One newspaper interviewed Dr. W. H. Nipps, who had known Potter Christ at this time. He said:
"The converts were few but devout. The men wore long black robes, and the women dressed like it was a sin to be pretty. They held enthusiastic prayer meetings.
At one time Potter decided it was time to make his 'ascent.' Some packing house workers made up a purse to buy the self designated holy man some golden slippers befitting the occasion. Some other kind soul donated a donkey, and before long the entire Potter Christ group made a pilgrimage to the bluffs from which Potter was to leave for his home in the heavens. Apparently the weather or the signs were not right for the ascension, because Potter never took off, and there is no report of the descent from the bluffs."
In 1872 Potter announced at a meeting of his church that the time had come for his ascent into heaven. Followed by his disciples, Potter rode a donkey to the edge of the bluffs, whereupon he leapt off the edge. Potter died in the attempt to ascend into heaven and his body was collected and buried by his followers.
1. Manuscript History of the San Bernardino Settlement, LDS Church archives.
- Manuscript History of the San Bernardino Settlement, LDS Church archives.
- Steven R. Parkes. Arnold Potter: From L.D.S. Convert to Pioneer to Missionary to Sect Leader (unpublished manuscript)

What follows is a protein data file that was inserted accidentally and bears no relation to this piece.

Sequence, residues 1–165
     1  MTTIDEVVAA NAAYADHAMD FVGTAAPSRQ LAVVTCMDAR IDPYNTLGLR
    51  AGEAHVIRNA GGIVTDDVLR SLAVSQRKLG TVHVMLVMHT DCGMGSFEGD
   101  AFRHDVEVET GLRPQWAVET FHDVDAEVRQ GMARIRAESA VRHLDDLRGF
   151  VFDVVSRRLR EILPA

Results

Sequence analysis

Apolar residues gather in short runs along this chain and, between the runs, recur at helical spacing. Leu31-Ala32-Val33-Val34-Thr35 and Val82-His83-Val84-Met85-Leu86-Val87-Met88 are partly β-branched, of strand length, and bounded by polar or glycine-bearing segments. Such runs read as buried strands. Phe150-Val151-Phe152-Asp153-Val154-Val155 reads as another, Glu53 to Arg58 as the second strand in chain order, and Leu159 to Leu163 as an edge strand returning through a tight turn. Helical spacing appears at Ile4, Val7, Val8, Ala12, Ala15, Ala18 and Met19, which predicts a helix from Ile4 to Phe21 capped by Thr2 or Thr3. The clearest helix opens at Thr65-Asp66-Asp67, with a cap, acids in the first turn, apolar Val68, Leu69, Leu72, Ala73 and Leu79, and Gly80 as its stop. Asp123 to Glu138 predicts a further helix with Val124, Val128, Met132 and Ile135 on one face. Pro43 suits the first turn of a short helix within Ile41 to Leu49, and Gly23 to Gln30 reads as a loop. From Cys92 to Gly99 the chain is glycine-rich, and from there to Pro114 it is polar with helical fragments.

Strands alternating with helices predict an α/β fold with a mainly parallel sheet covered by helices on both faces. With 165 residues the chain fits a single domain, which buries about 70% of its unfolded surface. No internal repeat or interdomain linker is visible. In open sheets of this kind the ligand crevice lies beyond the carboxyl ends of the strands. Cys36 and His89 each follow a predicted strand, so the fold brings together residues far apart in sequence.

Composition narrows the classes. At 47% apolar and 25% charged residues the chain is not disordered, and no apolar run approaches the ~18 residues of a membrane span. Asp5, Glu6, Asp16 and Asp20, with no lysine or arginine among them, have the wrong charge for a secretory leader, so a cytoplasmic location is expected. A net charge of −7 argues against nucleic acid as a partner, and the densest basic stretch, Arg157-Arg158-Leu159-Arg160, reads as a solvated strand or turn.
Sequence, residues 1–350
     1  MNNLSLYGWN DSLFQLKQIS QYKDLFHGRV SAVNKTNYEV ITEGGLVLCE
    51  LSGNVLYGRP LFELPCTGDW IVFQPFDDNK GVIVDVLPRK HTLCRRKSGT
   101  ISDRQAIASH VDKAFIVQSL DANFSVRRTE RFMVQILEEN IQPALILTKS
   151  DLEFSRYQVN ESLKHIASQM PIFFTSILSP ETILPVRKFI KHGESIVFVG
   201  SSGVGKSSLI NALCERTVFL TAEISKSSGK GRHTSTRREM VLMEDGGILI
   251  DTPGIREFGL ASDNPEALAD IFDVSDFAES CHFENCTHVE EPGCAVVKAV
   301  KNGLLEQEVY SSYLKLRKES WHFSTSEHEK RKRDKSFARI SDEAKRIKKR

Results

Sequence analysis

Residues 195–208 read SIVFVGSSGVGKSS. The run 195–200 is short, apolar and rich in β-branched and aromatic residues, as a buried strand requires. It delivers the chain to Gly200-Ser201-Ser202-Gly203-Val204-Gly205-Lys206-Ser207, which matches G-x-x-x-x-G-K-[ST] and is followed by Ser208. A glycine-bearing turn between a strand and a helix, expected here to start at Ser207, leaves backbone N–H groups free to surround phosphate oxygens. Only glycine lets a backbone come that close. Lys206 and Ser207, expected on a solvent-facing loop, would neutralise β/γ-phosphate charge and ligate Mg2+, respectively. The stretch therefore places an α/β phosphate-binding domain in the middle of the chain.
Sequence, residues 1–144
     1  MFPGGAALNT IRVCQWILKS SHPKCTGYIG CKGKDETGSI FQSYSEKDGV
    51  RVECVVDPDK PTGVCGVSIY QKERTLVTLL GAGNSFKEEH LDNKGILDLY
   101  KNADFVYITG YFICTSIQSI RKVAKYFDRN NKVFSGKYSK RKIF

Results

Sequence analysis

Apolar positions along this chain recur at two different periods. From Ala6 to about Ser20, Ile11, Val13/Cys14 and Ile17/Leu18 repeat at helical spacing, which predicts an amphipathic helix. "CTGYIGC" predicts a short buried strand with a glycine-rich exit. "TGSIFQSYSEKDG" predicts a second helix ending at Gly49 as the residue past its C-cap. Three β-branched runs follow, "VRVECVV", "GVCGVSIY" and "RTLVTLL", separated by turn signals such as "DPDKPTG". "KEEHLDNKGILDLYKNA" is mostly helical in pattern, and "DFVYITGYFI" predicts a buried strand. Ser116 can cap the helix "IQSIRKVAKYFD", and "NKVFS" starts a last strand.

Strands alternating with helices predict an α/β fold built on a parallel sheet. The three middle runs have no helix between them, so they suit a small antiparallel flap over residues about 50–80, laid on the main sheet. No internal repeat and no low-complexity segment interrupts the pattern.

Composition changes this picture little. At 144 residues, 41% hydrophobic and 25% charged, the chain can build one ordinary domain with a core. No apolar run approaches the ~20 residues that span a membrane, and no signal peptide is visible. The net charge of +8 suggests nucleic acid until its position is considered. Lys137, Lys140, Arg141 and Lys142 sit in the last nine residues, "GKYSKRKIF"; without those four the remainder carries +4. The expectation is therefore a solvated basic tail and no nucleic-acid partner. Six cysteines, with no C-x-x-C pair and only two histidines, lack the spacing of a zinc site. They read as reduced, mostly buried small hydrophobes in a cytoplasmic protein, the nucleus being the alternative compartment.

- Russell R. Rich (2d ed. 1967). Those Who Would Be Leaders: Offshoots of Mormonism (Provo, Utah: Brigham Young University)
- above info also found in a history of Arnold Potter compiled by Alvin C. Rencher, Mary Ann Chapman Richey, An Arizona Pioneer, 2008
close each window below - or the next one comes up empty
Arnold Potter in Nauvoo
1840 census - Nauvoo, Hancock, IL
Arnold Potter age 36 -
woman over 40 less than 50 (not Elizabeth Ann Birch who was 17)
children: two boys under age 10, four girls under age 15
Arnold and Elizabeth Potter in Salt Lake Valley
1850 census - Salt Lake City ?, Salt Lake, UT
Arnold 46 - farmer
wife Elizabeth 26
son John 17, laborer
son Wallace 1
Arnold back in MO
1860 census - Lewis Township, , MO
William Kimball 25, basket maker
Arnold Potter 55, basket maker
Sarah Potter 52
William Wilson 16, basket maker
Arnold back in Iowa
1870 census - Council Bluffs, Pottawattamie, IA
Thomas Wilson 66, laborer
Susanna 66, keeping house
Arnold Potter 65, laborer
- Photos, research and census pages courtesy of Dwyn Larson firstname.lastname@example.org
Site policy - you may download photos, stories and documents for family use.
- Small-size photos as is: right click then save to your computer [1" x 1.25" 72 dpi]
- Large photos at higher dpi: contact contributor or right click and save as is.
- Stories: hightlight text, then copy and paste to your word processing program.
- Documents: right click and save as photos or contact contributor for better dpi resolution.